Drama students and parents meet over sexual harassment

The School of Arts is continuing to deal with the fallout over allegations of sexual assault and harassment in the drama department with a third discussion forum with drama students, their parents and alumni.

This follows a Sunday Times report that senior drama lecturer Tsepo wa Mamatu was suspended after being accused of sexually assaulting students.

The school held two forums last week with School of Arts students and staff. According to School of Arts head Prof Georges Pfruender, the first two forums were for the staff and students to identify core problems and suggest solutions for them. The third forum held on March 9 was to include parents and alumni in the discussion.

“We want to create a working space where both students and lecturers will feel safe and respected,” said Pfruender.

According to Pfruender, the first draft of sexual harassment guidelines will be made available to staff and students in the coming week. The guidelines include definitions of rehearsal space and practical classes. It also outlines how students and lecturers should define boundaries, especially during rehearsals.

Pfruender said that there will be two other workshops held in the coming two weeks.

“With such an important issue it will not be enough to have a once-off.”

Pfruender said that the guidelines will be put in effect immediately but policy changes need a bit more time.

It is anticipated that the investigation on wa Mamatu will be completed within the next two or three months “subject to no delays occurring and the number of witnesses coming forward,” said Pfruender.

A therapist has also been provided for Drama students affected by sexual harassment. They can book sessions at the Emthonjeni centre.

On Thursdays between noon and 2pm a therapist will be available to them without an appointment.

“This is a special arrangement for the drama students during this time [with allegations of drama students being sexually harassed],” said Nthabiseng Modikoane from the Emthonjeni centre.

Wits Legal Office “gags” Politics department

The Political Studies (politics) department has written that it is “deeply disappointed” by the action taken by the Wits Legal Office following allegations of sexual harassment made by Wits Vuvuzela, last year. The department  alleges that it was effectively “gagged” by the Wits Legal Office in its attempt to address the allegations against one of its staff members. A response written by the Head of Department, Professor Daryl Glaser, was widely circulated via email on Monday evening.

 

“Not long after the publication of this article, members of [the Politics] Department learnt that this report most probably concerned one of our colleagues,” said the open letter.

 

In an interview with Wits Vuvuzela last week, Glaser confirmed an investigation was underway against the former HOD, but stopped short of confirming the identity of the individual.

 

But in this latest letter Glaser did not shy away from naming Prof Rupert Taylor as the academic at the centre of the allegations.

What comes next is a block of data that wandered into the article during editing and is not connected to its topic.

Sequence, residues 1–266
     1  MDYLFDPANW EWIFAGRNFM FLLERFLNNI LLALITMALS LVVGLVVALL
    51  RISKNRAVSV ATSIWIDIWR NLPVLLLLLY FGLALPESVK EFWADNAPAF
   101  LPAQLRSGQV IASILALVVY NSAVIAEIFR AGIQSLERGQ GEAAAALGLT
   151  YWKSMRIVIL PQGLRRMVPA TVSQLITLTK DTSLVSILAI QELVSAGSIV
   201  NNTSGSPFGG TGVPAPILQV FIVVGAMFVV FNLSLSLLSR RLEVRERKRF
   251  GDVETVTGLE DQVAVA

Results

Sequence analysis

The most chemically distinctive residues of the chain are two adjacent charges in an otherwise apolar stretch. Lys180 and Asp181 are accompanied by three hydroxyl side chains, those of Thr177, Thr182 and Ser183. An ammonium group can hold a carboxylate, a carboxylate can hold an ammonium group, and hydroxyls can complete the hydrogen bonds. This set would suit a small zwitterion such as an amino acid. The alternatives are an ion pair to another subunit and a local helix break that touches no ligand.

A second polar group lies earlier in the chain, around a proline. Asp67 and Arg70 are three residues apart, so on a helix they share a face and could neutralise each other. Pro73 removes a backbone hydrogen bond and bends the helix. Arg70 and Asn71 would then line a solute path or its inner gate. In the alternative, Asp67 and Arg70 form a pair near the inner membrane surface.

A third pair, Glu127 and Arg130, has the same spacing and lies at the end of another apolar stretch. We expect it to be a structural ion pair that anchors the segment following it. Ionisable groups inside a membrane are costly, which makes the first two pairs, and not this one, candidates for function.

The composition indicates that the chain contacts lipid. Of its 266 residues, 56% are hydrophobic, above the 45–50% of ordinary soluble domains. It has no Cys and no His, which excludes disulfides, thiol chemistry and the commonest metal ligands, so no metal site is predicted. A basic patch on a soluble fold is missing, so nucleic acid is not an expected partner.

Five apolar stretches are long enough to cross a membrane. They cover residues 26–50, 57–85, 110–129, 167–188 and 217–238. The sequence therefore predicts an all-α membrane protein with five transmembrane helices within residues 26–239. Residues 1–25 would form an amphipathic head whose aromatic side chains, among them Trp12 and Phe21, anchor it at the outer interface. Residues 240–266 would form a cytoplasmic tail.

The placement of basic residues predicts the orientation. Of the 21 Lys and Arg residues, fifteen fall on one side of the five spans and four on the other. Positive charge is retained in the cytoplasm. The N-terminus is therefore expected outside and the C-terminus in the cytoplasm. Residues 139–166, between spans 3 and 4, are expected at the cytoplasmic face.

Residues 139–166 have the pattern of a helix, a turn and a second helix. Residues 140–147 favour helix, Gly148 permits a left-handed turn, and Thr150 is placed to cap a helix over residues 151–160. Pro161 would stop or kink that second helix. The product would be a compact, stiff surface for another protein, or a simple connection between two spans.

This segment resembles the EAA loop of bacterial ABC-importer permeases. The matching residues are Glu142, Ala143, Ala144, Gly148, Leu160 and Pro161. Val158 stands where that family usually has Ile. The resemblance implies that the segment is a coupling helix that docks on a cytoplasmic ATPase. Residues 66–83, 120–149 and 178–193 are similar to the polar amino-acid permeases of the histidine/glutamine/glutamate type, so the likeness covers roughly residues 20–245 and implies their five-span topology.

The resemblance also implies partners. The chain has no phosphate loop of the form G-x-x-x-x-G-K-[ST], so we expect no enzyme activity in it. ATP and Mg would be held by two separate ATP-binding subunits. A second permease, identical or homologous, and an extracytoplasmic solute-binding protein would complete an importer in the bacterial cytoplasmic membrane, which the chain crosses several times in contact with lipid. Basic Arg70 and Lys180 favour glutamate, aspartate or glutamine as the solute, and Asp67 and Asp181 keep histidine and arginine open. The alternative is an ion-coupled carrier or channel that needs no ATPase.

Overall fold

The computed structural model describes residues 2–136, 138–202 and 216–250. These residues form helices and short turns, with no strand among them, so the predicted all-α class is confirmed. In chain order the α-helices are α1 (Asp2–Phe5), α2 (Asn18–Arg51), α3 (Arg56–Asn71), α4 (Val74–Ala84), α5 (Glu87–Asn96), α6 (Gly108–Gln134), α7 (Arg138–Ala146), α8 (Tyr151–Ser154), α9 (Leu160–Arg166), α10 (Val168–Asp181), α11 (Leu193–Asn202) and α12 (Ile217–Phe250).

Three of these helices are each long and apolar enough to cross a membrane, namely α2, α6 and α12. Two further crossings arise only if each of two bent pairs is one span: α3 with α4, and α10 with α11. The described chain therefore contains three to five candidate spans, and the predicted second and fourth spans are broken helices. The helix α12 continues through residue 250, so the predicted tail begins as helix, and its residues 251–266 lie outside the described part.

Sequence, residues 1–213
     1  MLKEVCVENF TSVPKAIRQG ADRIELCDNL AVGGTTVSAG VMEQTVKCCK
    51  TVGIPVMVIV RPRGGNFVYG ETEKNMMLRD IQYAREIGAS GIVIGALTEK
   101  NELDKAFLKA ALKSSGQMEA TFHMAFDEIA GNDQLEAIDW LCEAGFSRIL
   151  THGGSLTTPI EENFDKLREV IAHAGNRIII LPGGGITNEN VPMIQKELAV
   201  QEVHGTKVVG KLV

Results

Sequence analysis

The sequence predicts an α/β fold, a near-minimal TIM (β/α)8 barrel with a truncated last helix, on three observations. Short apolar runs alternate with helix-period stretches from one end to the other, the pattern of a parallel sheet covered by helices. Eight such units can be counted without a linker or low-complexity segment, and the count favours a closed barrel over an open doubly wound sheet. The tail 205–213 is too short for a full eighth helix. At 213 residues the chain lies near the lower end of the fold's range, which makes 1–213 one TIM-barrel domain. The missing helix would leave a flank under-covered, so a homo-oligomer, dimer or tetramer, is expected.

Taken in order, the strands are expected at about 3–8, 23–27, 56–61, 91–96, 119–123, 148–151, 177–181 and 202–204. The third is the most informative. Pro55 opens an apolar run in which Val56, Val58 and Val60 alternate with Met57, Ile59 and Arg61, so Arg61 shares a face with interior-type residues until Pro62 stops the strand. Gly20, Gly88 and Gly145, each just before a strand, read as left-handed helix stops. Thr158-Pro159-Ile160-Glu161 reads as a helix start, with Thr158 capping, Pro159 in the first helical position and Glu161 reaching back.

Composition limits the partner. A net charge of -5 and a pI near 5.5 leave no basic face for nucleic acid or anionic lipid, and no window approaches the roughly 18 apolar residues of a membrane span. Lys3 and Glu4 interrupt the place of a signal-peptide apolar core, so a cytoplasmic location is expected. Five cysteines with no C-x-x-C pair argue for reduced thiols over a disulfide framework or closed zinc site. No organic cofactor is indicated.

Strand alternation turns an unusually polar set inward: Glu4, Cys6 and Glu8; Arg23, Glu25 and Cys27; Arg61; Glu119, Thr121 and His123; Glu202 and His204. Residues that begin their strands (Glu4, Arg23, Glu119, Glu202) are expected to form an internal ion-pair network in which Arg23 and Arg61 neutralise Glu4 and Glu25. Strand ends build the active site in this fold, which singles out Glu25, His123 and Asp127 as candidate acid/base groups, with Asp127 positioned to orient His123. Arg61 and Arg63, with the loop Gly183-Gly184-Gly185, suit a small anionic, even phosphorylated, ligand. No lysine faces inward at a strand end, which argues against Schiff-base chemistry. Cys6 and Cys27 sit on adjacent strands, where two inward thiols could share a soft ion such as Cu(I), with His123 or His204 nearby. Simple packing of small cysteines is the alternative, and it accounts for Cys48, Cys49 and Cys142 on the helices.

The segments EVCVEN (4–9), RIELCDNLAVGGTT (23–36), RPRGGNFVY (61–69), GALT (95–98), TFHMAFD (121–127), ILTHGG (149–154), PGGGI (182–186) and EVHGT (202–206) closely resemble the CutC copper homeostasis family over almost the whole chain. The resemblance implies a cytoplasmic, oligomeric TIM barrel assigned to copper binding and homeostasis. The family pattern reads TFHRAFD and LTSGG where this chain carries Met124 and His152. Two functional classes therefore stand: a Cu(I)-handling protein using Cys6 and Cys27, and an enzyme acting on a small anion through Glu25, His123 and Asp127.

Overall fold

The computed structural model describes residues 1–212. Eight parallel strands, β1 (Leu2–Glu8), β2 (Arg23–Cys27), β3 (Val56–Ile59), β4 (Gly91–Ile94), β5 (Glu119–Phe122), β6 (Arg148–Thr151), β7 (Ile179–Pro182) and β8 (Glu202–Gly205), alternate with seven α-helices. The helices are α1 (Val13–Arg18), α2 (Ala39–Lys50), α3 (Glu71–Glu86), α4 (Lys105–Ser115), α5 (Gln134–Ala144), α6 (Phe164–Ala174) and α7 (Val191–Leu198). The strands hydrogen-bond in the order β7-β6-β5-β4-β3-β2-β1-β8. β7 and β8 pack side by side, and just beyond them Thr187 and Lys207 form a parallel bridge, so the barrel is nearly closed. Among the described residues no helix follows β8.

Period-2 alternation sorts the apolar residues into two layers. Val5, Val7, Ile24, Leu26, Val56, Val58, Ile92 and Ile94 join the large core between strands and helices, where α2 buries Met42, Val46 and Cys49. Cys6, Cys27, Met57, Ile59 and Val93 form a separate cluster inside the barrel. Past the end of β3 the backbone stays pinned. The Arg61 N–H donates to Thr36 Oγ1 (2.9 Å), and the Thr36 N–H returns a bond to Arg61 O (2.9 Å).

“We have not been impressed with the way in which the university legal department has dealt with this issue”

 

According to Glaser, the department was informed “at a meeting with the legal office that they would set up an investigation into the rumours and allegations.” They were advised by the legal office “that actions taken by [the] department could potentially complicate any future investigation or other related initiatives.”

 

The politics department stated in their response: “While we appreciate that discretion and restraint are required here, we have not been impressed with the way in which the university legal department has dealt with this issue.”

Prof Rupert Taylor of the Political Studies department. Pic: Facebook.

Prof Rupert Taylor of the Political Studies department. Pic: Facebook.

 

“When Prof Taylor stepped down, we were explicitly instructed not to say anything about why there was a new head of department. When we raised the prospect of discussing sexual harassment with our students, we were expressly forbidden from doing so, as it might compromise the investigation,” said Glaser.

 

Dikeledi Selowa, a former politics first year class representative for 2012, told Wits Vuvuzela that no information was given to the students by the department and they weren’t provided with a platform to discuss the allegations.

 

The department’s response explained: “When our students wanted to hold a public meeting to exchange experiences and handling of sexual harassment on campus, they were informed that no persons or departments could be named, that it could only take the form of a protest.”

 

“No public comment of any sort was permissable”

 

Glaser told Wits Vuvuzela that that no students had come forward with official statements against Prof Taylor. But the department was also discouraged from asking students to come forward “because the act of asking them about sexual harassment would compromise anything that they reported in response.”

 

He continued by saying: “When we repeatedly pushed for a public statement from the university in response to the Vuvuzela article, nothing was forthcoming. No public comment of any sort was permissible.

 

“In our opinion, the extreme conservatism and lack of responsiveness of the legal department has been a major stumbling block in addressing this issue.”

 

The letter stated that until now the legal office has still not communicated with the politics department what happened to the investigation. But instead has “effectively gagged [the] department from making public statements or taking other public initiatives in the name of protecting an investigation.”

 

Wits Legal office refuses to comment